Artists Lilli Tölp and Mai Sööt travelled for many years in India and Asia. They lived and ate with locals and when there was not enough room, they shared the floor of a train with fellow travellers. The immense hospitality and warmth of Indians broke all cultural barriers.
Inspired by this experience, the artists decided to do the impossible: to create everyday Indian situations in Estonia. With the idea of approaching unknown people through food, they decided to build a four-wheeled pushcart that could then be used to sell home-made Indian food on the streets of their hometown Pärnu. In Asian countries people gather around a pushcart to eat, talk and conduct business. While eating, people get to know each other, exchange information, learn about others and often forget cultural, political and religious differences and dissensions.
Doing business in India is simple and there is a solution for everything: even if your art doesn’t sell, you can sell rice at the exhibition. Does India fit into Estonia and vice versa? Do potatoes and rice go on the same plate?
All this and much more can be discussed during a common meal at the opening!
Lilli Tölp (b 1984) is a new media and performance artist. She has studied at the Tartu Art College, Polytechnic University of Valencia, Institute Seni in Indonesia and has a master’s degree in new media from the Estonian Academy of Arts. She has participated in numerous exhibitions and performance projects in Estonia and India.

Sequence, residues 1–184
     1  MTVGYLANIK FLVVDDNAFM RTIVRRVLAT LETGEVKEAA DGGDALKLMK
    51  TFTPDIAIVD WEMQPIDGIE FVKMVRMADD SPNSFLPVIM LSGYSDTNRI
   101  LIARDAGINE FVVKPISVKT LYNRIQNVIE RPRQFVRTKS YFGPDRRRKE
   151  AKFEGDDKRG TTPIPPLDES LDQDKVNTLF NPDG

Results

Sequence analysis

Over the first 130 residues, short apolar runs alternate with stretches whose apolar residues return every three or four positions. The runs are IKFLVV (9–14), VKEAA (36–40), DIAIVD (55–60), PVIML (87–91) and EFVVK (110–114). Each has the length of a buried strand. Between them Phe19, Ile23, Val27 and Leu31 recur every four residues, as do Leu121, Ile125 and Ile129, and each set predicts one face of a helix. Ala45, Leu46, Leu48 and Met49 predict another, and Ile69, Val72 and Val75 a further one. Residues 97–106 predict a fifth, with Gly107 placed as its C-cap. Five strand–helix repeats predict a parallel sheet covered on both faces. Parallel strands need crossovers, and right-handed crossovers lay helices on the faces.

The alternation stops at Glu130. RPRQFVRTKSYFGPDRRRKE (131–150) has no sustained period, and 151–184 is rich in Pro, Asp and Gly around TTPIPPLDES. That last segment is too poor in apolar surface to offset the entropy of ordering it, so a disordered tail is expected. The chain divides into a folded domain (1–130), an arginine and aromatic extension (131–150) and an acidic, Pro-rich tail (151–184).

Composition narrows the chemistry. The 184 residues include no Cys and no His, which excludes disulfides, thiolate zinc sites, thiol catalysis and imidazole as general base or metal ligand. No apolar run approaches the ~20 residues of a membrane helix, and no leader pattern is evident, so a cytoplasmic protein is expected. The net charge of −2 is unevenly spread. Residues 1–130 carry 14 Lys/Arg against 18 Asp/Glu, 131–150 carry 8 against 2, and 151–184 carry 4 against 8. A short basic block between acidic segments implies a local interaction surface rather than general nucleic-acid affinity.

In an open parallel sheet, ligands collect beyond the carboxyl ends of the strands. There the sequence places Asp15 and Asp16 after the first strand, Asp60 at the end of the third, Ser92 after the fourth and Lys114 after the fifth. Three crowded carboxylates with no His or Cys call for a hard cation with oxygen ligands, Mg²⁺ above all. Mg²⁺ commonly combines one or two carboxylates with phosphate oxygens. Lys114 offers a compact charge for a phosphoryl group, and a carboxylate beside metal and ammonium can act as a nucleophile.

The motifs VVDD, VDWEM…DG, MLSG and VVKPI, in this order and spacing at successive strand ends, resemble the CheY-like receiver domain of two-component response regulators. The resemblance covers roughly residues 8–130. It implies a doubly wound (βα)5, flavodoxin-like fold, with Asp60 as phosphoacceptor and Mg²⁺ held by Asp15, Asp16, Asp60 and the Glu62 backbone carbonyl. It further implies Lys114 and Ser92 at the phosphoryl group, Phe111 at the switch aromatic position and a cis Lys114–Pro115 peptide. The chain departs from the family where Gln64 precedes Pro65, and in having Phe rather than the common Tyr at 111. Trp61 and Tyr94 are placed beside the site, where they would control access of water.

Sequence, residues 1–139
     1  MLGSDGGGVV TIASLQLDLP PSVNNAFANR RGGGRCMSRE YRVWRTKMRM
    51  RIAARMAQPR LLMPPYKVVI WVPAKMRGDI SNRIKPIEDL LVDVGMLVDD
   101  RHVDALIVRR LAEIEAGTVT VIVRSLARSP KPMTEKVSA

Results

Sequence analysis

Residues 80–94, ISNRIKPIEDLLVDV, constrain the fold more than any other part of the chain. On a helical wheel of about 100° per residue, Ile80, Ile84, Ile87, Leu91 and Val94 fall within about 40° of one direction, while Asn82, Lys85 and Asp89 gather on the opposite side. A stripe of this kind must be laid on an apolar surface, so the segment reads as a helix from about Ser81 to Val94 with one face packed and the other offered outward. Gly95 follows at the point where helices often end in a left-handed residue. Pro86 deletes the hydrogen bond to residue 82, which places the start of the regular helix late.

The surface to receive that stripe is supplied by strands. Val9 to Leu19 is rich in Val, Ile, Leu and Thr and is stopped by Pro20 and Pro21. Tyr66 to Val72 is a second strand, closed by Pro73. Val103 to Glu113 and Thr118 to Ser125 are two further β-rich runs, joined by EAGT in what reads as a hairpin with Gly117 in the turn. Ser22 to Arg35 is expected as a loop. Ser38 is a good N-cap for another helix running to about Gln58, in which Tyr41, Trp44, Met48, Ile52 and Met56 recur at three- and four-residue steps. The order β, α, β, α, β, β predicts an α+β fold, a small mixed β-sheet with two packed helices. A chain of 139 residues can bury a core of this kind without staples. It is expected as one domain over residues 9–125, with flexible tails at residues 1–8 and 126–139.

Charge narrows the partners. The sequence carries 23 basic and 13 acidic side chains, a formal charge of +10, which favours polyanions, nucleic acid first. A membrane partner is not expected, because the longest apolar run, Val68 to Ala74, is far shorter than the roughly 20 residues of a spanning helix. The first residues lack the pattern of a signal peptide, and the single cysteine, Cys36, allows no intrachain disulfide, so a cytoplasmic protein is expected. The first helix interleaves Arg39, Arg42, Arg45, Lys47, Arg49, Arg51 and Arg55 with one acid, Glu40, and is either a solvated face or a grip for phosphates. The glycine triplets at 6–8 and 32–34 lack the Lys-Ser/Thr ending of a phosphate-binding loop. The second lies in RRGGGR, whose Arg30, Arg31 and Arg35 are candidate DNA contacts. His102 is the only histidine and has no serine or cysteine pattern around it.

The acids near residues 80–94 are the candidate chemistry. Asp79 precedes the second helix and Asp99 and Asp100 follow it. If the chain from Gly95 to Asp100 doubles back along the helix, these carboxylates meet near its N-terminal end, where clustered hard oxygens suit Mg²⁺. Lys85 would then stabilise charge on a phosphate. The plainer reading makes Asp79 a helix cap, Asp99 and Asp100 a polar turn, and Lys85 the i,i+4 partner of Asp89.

Mai Sööt (b 1983) has graduated from the painting department of the Tartu Art College and has a master’s degree in interdisciplinary arts from the Estonian Academy of Arts. From 2010, she has been active as a performance artist. In 2013, she had a personal exhibition at the Tartu Art House.
Thanks: Cultural Endowment of Estonia, Gram Art Project , Andres Tölp , Eva Bubla , Helle Tölp , Janno Palits , Lalit Vikamshi , Navkesh Tekade , Paradsinga villagers, Parvindar Singh, Peet Tölp , gamily Bhattad , Pärnu Papiniidu K-Rauta employees, Linda Sööt, University of Tartu Botanical Gardens.
The exhibition will remain open until 23 July.